Rogue: Robin Hood, though born an aristocrat and trained in war, is a good example of a valorous rogue; willing to risk death to challenge a usurper to the throne, stealing from the wealthy to give to the poor, and using trickery to defeat his enemies and escape trouble. A more modern example is Indiana Jones, a well-educated man who unearths long-lost treasures not to sell them, but to display them for all to see, fighting the Nazis and other evildoers in the process. Valorous rogues can turn up almost anywhere in Faerûn, fighting tyrants in Westgate or on the Moonsea, working to destroy the evils of Undermountain.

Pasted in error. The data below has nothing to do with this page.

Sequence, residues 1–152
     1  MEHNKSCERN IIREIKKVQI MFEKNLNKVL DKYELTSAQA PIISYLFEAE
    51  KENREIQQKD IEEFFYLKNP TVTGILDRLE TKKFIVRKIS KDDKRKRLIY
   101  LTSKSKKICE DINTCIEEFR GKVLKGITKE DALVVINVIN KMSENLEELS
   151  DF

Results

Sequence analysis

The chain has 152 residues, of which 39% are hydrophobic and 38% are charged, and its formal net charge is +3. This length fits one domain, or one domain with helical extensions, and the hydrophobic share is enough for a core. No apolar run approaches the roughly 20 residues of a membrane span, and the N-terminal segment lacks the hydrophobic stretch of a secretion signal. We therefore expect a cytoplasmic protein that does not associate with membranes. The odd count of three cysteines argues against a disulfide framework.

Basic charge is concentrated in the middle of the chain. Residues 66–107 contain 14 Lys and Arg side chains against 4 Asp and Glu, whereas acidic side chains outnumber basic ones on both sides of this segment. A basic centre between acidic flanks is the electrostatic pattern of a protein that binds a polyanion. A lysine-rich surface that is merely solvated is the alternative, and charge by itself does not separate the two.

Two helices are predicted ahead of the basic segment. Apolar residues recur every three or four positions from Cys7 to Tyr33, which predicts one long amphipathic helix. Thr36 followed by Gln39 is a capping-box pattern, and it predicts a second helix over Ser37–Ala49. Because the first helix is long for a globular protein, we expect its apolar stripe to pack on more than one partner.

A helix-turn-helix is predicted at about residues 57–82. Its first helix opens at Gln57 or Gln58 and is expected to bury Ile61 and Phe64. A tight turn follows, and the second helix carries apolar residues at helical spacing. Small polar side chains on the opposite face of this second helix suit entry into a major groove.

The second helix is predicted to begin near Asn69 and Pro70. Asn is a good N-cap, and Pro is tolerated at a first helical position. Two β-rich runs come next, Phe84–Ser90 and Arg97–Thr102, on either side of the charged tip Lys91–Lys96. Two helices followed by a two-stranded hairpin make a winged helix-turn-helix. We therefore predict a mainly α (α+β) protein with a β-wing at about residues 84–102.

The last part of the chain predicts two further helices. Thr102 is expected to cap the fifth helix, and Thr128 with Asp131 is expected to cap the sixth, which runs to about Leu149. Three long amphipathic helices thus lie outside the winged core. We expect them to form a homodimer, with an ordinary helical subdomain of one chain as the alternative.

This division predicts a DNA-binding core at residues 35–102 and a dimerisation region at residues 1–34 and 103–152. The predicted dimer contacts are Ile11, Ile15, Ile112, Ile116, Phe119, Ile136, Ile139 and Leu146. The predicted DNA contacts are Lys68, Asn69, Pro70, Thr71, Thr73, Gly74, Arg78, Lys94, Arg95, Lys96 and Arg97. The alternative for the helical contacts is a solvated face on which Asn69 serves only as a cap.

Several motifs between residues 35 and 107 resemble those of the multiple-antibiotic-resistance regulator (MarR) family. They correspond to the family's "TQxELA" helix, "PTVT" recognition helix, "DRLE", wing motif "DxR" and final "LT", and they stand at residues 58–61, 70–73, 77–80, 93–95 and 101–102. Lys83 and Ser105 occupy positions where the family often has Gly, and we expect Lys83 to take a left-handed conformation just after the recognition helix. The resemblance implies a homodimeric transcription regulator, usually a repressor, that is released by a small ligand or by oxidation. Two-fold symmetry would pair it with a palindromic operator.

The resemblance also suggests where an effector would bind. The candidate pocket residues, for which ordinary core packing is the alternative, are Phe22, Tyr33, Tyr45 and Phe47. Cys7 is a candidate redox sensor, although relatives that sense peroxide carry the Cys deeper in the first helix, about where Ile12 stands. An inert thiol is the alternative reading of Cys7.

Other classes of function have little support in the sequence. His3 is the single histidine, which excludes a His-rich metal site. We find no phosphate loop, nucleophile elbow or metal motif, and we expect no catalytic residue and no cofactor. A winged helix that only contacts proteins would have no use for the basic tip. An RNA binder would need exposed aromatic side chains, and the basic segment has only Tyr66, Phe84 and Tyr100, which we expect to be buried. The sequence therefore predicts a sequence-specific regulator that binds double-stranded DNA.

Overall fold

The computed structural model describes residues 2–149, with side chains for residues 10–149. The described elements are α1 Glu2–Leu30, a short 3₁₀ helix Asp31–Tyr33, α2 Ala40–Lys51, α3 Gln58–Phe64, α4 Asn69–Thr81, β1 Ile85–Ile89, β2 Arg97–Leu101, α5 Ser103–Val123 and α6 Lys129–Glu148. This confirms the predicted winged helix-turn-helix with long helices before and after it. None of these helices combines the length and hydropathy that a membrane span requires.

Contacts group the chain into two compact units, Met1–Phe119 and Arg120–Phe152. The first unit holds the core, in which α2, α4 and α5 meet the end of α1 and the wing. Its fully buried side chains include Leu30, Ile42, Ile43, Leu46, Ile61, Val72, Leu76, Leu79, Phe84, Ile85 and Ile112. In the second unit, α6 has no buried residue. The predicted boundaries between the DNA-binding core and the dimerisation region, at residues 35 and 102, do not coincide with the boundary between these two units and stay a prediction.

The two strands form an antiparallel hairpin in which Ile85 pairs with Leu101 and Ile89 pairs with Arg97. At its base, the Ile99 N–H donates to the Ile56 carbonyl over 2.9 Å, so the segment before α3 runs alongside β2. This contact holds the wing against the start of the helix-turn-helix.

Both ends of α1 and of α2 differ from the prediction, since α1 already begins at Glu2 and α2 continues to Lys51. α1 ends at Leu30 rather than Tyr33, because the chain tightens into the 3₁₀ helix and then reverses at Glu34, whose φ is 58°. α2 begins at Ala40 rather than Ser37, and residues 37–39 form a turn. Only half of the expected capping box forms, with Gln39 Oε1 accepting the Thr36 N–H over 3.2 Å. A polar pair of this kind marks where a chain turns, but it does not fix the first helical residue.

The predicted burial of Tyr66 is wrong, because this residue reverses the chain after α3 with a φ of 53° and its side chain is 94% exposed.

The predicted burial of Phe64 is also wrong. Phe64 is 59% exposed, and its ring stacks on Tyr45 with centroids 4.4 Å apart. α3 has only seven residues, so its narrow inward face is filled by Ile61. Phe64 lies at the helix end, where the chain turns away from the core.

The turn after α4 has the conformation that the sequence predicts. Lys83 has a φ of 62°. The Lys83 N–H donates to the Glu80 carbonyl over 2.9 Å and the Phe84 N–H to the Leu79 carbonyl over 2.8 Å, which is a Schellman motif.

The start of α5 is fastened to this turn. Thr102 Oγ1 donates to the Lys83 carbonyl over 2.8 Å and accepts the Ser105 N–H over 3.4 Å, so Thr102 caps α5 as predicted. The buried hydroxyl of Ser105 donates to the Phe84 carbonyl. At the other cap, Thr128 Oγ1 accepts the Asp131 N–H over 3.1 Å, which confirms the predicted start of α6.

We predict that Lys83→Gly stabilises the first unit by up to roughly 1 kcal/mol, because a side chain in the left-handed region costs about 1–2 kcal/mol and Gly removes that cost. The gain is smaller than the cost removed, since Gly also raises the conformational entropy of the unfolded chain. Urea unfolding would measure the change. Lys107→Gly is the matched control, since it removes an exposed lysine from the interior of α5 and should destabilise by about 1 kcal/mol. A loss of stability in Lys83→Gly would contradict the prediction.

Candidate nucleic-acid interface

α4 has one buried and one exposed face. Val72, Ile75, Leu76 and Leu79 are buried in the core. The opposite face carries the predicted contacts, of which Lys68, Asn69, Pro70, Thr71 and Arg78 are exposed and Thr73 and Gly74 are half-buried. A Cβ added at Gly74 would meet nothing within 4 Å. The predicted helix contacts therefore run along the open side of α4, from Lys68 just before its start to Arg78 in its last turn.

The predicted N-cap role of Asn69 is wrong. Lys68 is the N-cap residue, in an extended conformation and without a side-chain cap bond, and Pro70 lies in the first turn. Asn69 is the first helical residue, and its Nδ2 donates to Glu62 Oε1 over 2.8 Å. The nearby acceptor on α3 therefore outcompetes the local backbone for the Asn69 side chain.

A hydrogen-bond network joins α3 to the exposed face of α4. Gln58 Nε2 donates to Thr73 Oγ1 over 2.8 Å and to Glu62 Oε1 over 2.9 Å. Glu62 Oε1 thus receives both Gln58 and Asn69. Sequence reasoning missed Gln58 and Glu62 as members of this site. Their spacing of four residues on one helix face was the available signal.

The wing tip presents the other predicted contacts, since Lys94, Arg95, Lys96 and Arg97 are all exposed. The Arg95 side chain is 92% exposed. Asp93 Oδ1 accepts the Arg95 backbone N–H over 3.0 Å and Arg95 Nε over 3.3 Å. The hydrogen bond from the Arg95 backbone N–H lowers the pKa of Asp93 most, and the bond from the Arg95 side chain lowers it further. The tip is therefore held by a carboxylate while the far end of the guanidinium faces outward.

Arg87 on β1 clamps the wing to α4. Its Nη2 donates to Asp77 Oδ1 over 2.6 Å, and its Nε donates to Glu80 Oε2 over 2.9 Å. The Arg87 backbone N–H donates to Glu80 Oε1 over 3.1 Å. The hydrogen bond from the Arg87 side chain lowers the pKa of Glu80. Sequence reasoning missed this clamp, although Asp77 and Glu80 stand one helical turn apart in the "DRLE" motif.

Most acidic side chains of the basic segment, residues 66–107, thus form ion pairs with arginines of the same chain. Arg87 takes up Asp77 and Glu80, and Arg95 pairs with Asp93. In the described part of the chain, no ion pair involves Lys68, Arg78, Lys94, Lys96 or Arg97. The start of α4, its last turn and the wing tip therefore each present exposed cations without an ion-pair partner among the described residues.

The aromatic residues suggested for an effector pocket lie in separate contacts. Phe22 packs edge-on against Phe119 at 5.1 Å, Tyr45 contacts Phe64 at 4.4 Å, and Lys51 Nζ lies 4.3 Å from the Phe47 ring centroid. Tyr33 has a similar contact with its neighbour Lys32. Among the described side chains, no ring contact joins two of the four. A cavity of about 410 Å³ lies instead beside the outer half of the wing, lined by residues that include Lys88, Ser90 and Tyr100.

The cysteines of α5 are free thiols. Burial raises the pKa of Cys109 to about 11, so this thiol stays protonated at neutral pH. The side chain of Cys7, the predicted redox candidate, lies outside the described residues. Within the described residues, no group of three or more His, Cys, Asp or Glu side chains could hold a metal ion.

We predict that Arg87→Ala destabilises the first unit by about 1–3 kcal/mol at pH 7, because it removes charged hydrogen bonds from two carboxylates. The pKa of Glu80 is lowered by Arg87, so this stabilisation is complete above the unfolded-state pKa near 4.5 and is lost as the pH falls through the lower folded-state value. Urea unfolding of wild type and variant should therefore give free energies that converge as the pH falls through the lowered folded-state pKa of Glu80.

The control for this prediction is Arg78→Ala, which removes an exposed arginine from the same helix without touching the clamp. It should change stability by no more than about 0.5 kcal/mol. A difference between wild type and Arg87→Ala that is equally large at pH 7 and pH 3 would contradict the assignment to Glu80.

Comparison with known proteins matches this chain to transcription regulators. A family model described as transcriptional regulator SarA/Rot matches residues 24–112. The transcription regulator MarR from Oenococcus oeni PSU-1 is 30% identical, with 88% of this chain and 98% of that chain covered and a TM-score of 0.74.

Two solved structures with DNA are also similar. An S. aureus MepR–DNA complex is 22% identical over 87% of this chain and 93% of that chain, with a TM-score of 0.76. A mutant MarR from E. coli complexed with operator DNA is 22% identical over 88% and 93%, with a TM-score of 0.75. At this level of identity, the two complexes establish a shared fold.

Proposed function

Sorcerer and Wizard: Again using Tolkien's writings as an example, Gandalf is a valorous wizard. In the body of an old man, a powerful spirit guides a team of heroes on a quest to save the world, gives his own life to help them escape, and faces down other evils to defend innocents. Harry Potter is a valorous wizard even though he is just a boy when his quests begin; he faces the lingering spirit of the man who killed his parents, fights horrible monsters that would panic and devour an ordinary boy, and risks himself to save his friends. Aglarond's many battles with Thay have produced a disproportionate number of valorous sorcerers in that country, and Waterdeep's place as the center of Faerûnian trade and culture means that valorous wizards pass through its gates almost daily.